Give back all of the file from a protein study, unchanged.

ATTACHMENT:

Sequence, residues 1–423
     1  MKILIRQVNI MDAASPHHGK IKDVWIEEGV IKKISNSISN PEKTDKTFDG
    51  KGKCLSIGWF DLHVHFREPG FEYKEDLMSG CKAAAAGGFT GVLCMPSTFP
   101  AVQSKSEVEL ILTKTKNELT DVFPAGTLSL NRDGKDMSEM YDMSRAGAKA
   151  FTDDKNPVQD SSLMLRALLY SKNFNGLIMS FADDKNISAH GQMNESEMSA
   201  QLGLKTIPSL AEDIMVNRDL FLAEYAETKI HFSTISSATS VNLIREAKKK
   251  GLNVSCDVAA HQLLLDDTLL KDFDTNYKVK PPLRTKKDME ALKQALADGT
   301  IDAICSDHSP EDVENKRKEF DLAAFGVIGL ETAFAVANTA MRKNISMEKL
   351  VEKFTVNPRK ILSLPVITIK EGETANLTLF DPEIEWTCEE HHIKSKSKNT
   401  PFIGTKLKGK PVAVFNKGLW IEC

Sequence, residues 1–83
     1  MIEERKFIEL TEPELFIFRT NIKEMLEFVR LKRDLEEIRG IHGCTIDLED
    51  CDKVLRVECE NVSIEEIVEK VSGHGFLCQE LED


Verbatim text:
Sequence, residues 1–423
     1  MKILIRQVNI MDAASPHHGK IKDVWIEEGV IKKISNSISN PEKTDKTFDG
    51  KGKCLSIGWF DLHVHFREPG FEYKEDLMSG CKAAAAGGFT GVLCMPSTFP
   101  AVQSKSEVEL ILTKTKNELT DVFPAGTLSL NRDGKDMSEM YDMSRAGAKA
   151  FTDDKNPVQD SSLMLRALLY SKNFNGLIMS FADDKNISAH GQMNESEMSA
   201  QLGLKTIPSL AEDIMVNRDL FLAEYAETKI HFSTISSATS VNLIREAKKK
   251  GLNVSCDVAA HQLLLDDTLL KDFDTNYKVK PPLRTKKDME ALKQALADGT
   301  IDAICSDHSP EDVENKRKEF DLAAFGVIGL ETAFAVANTA MRKNISMEKL
   351  VEKFTVNPRK ILSLPVITIK EGETANLTLF DPEIEWTCEE HHIKSKSKNT
   401  PFIGTKLKGK PVAVFNKGLW IEC

Sequence, residues 1–83
     1  MIEERKFIEL TEPELFIFRT NIKEMLEFVR LKRDLEEIRG IHGCTIDLED
    51  CDKVLRVECE NVSIEEIVEK VSGHGFLCQE LED